One afternoon, John W.M. Bush, MIT math guru, ventured to a pond to collect insects known as water striders for his research. It wasn’t until he returned to his lab that he discovered an interloper in his bucket.
“I accidentally caught a backswimmer while I was lunging for a water strider,” recalled the associate professor of mathematics at the Massachusetts Institute of Technology.
An insect capable of diving into water and staying there indefinitely, the backswimmer has long befuddled scientists. So Bush set out to solve the mystery of how backswimmers do what they do.
It turns out they breathe underwater using the same mechanism that lets water striders skitter on top: water-repellant hairs that create a cushion between insect and water. The backswimmer traps a thin layer of air between its body and the hairs, creating an external lung that keeps its breathing holes from getting wet.
Oxygen from the surrounding water diffuses into the air bubble, replenishing the insect’s supply.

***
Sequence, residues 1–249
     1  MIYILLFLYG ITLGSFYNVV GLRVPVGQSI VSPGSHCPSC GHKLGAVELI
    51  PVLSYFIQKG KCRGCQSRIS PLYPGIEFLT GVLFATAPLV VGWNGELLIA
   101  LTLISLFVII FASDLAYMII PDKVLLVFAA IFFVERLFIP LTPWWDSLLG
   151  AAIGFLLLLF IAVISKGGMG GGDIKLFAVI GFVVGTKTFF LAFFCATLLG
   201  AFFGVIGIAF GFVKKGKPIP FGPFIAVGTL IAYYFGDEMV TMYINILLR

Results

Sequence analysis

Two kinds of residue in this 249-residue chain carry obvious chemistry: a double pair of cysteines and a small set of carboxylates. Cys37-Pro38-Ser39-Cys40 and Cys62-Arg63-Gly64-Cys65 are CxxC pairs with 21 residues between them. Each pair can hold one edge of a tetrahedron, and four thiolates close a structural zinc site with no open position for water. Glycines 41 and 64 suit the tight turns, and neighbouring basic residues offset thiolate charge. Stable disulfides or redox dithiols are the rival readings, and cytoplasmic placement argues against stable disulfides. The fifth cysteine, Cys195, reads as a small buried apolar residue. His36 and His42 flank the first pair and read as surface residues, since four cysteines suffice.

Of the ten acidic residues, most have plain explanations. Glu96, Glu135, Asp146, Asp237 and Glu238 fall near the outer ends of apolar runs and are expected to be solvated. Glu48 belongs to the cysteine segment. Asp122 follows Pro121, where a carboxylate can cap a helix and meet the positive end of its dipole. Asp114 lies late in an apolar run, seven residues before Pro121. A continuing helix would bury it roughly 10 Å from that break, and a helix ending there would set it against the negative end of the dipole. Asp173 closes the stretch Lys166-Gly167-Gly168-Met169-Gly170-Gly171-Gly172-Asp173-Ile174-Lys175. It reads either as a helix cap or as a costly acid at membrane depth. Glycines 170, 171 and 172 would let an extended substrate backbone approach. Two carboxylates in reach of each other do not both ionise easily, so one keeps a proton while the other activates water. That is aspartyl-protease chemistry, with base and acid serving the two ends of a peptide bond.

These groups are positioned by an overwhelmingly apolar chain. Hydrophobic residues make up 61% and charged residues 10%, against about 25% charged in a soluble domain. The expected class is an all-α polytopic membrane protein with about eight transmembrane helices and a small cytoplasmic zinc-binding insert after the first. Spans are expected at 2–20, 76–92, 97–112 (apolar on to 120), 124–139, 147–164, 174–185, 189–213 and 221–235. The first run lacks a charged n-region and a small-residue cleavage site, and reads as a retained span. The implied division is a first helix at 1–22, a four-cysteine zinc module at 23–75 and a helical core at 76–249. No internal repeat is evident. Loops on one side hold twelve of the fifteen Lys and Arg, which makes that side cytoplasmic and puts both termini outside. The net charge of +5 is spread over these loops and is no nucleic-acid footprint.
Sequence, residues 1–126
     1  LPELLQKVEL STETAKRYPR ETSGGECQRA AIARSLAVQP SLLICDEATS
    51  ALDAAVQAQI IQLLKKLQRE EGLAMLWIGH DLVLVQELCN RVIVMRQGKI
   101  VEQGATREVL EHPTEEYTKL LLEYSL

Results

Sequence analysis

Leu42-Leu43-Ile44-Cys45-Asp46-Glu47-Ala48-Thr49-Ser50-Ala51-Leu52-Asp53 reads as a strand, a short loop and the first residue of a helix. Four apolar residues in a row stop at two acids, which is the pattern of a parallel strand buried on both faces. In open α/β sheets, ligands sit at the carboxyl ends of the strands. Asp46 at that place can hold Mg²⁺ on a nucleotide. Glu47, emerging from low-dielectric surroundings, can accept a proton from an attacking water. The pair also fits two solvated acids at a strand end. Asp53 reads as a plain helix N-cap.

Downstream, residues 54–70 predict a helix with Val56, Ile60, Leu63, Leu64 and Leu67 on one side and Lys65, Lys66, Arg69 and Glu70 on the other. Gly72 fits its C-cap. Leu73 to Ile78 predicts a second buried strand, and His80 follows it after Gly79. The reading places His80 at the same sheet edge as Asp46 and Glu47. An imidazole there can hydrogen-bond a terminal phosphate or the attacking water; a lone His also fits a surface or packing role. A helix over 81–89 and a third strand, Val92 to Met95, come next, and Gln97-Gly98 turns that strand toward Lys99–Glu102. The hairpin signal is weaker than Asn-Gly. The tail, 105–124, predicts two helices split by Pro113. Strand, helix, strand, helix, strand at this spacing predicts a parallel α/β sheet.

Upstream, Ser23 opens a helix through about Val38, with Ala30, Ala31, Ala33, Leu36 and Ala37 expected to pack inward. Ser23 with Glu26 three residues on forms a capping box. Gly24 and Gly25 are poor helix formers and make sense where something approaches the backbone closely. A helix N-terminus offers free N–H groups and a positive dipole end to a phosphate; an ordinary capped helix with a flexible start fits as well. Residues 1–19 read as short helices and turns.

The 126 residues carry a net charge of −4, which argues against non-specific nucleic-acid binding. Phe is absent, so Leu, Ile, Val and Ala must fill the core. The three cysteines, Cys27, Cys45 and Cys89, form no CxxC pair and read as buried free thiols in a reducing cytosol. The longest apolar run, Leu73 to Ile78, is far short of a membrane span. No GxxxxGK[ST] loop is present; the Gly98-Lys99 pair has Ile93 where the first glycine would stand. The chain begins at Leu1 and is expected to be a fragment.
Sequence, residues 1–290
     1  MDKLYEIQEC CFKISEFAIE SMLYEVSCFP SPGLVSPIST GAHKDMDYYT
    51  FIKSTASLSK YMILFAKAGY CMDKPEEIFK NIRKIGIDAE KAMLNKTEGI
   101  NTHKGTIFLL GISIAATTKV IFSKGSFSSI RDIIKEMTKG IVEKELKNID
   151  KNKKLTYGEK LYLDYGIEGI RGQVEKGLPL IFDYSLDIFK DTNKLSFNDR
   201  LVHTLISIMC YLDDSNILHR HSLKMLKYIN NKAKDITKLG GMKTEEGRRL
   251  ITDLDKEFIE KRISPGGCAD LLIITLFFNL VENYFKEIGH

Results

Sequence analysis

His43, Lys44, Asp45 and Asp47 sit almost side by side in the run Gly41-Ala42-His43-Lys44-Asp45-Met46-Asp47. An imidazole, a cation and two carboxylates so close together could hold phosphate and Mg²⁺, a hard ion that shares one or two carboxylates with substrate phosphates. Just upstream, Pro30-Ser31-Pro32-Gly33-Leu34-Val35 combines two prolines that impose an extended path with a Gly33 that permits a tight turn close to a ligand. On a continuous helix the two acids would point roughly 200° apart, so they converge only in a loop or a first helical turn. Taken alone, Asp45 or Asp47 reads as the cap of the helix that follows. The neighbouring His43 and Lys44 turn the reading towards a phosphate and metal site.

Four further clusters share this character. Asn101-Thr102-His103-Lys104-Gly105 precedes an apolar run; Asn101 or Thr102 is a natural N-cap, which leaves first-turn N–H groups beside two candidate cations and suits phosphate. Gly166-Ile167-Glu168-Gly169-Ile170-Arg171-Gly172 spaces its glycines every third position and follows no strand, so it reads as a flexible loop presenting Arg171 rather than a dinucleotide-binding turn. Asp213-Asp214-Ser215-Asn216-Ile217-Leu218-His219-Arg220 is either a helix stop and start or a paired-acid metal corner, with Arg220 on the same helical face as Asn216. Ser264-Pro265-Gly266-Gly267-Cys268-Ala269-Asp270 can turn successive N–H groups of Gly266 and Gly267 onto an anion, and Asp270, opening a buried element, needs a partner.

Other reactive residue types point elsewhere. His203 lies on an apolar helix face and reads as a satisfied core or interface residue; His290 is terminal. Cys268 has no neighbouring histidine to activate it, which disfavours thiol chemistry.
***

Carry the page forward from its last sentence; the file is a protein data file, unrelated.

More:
Earlier this month in the Journal of Fluid Mechanics, Bush described how the bubbles remain intact even as the insects dive deeper and water pressure increases. Pollution, though, can change the wetting properties of the hairs, affecting their ability to trap air.
Humans won’t be exploring the depths this way anytime soon. Still, Duke University biologist Steven Vogel said that with engineers and biologists collaborating more and more, potential applications are nearly limitless.
“Engineers and biologists are both dealing with complex systems,” said Vogel, who was not involved in the study. “We’re really talking about the engineering of life.”
Bush envisions small underwater vehicles, powered by motors fueled by oxygen supplied by such a bubble. “This is a means by which these animals are getting power,” he said.